Canada’s jets, part of NATO mission, edge closer to Russian airspace

Canadian fighter jets will be patrolling the edge of Russian airspace next week as part of NATO’s response to the unravelling situation in Ukraine.

OTTAWA — Canadian fighter jets will be patrolling the edge of Russian airspace next week as part of NATO’s response to the unravelling situation in Ukraine.

At least four of the six CF-18s sent overseas by the Harper government earlier this year have arrived at Siauliai Air Base in Lithuania, where they will fly air policing missions over the Baltic states.

The formal handover of responsibility is expected to take place early next week.

The Canadian jets will be working alongside fighters from Portugal, Germany and Belgium, which will be carrying out flights from bases in another Baltic state.

The missions are meant to reassure European allies unnerved by Russia’s seizure of the Crimean Peninsula, as well as the military action currently unfolding in eastern Ukraine.

The jets, which had been based in Romania on a training exercise, are tasked with defending Estonian, Latvian and Lithuanian airspace because those countries are unable to do so on their own.

The deployment comes against the unfolding backdrop of heavy fighting and an apparent Russian invasion, and brings Canadian fighters as close to Russian territory as they’ve been since the crisis began.

Ukrainian President Petro Poroshenko called an urgent session of the national security council on Thursday after two columns of Russian tanks reportedly entered the country’s southeast earlier in the day.

“Destabilization of the situation and panic, this is as much of a weapon of the enemy as tanks,” Poroshenko told the security council, according to the Interfax news agency.

Russia’s latest escalation is an outrage that will have repercussions, Foreign Affairs Minister John Baird said as he called on President Vladimir Putin’s regime to halt its apparent invasion, as well as the flow of arms to separatists.

The Harper government will review what further sanctions and other measures can be taken, Baird said, but he stopped short of specifics about what sort of response could be expected.

Last spring, Prime Minister Stephen Harper described the annexation of Crimea as a “slow-motion invasion” of Ukraine. Baird said the events of the last few days indicate the Russians have accelerated their efforts.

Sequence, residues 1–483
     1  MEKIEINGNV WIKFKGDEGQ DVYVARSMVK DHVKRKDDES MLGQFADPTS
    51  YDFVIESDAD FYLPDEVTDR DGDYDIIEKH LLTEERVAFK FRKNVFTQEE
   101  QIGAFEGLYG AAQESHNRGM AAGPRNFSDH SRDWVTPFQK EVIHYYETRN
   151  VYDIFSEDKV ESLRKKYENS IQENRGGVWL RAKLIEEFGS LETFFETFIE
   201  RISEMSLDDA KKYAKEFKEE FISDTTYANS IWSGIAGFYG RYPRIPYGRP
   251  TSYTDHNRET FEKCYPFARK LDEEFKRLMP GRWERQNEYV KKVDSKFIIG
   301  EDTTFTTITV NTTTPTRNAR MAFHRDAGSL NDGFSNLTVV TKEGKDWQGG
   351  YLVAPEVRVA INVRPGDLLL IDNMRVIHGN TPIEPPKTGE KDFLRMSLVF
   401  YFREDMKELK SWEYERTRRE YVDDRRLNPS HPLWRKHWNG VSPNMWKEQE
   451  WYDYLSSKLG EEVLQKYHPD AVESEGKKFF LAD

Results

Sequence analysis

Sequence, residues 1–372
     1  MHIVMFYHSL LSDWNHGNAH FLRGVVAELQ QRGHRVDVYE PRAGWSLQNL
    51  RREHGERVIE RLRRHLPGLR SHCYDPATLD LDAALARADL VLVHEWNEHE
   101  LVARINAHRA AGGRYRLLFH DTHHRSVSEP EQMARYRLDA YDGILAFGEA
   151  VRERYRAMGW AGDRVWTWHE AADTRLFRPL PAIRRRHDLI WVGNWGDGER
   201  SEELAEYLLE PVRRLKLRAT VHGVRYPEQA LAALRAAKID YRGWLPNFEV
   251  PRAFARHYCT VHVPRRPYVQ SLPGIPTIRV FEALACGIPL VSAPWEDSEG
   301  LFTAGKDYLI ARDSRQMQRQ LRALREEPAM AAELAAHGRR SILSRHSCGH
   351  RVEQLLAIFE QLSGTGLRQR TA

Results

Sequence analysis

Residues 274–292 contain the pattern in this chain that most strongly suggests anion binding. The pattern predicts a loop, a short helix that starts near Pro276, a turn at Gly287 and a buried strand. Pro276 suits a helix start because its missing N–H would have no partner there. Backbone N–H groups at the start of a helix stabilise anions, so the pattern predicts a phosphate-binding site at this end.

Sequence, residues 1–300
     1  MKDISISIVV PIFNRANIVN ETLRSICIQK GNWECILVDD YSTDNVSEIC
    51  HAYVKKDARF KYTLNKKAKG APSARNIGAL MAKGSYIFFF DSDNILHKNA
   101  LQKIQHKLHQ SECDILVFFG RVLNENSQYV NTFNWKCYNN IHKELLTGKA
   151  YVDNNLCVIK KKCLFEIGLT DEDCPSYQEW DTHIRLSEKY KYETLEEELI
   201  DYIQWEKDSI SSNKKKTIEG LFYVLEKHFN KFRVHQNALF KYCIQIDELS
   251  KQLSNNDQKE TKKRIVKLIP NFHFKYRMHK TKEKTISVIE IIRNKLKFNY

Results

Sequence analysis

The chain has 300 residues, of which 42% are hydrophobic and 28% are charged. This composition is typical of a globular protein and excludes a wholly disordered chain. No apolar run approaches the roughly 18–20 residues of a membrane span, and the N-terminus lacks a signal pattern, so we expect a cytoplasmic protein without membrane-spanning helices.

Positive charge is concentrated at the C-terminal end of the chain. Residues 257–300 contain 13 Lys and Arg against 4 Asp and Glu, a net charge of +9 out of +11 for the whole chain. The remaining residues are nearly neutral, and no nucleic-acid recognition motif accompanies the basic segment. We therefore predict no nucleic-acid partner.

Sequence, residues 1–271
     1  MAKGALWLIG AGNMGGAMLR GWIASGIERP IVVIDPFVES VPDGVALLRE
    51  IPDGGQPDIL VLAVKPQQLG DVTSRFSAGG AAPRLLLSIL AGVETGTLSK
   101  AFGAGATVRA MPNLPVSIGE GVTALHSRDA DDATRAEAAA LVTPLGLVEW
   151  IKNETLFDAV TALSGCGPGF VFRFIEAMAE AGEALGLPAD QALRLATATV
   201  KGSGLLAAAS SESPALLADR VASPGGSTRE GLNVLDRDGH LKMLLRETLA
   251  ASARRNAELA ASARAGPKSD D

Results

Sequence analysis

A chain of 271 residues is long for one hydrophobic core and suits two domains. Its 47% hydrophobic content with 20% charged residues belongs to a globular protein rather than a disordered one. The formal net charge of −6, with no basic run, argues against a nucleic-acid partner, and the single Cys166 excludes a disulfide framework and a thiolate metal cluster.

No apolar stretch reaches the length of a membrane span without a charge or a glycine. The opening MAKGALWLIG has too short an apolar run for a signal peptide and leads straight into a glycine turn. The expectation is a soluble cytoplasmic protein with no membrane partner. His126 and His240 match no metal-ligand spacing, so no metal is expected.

“This is absolutely unacceptable, irresponsible and absolutely reckless,” he said in a conference call from Zagreb, Croatia.

“It is also deeply and shamelessly dishonest. While Russian President Putin talked about ceasefires with President (Petro) Poroshenko in Minsk, his military was busy fighting on Ukrainian soil.”

NATO estimates that as many as 1,000 Russian troops are fighting inside Ukraine with an additional 20,000 clustered on the border as support — or reinforcements.

“Over the past two weeks we have noted a significant escalation in both the level and sophistication of Russia’s military interference in Ukraine,” said Dutch Brig.-Gen. Nico Tak.

“We have also detected large quantities of advanced weapons, including air defence systems, artillery, tanks, and armoured personnel carriers being transferred to separatist forces in Eastern Ukraine.”

The military alliance also released a series of satellite images supporting its claim.

Major U.S. banks, meanwhile, reported they were the target of a massive cyberattack that defence officials suggested may have originated in Russia.

Defence analysts expressed little surprise at that revelation, noting Russia’s military strategy involves the use of cyberwarfare to disrupt and cripple adversaries.

Baird called the recent events a “significant provocation” in advance of next week’s NATO summit in Wales, where the alliance’s leaders are expected to hold a special meeting with Poroshenko.

Asked to characterize the latest developments, Baird described Russia’s move as an “incursion” and an “invasion,” but stopped of short declaring it an act of war.

Ukraine is not a member of NATO, unlike other eastern European nations; the alliance is not automatically obliged to come to its defence.

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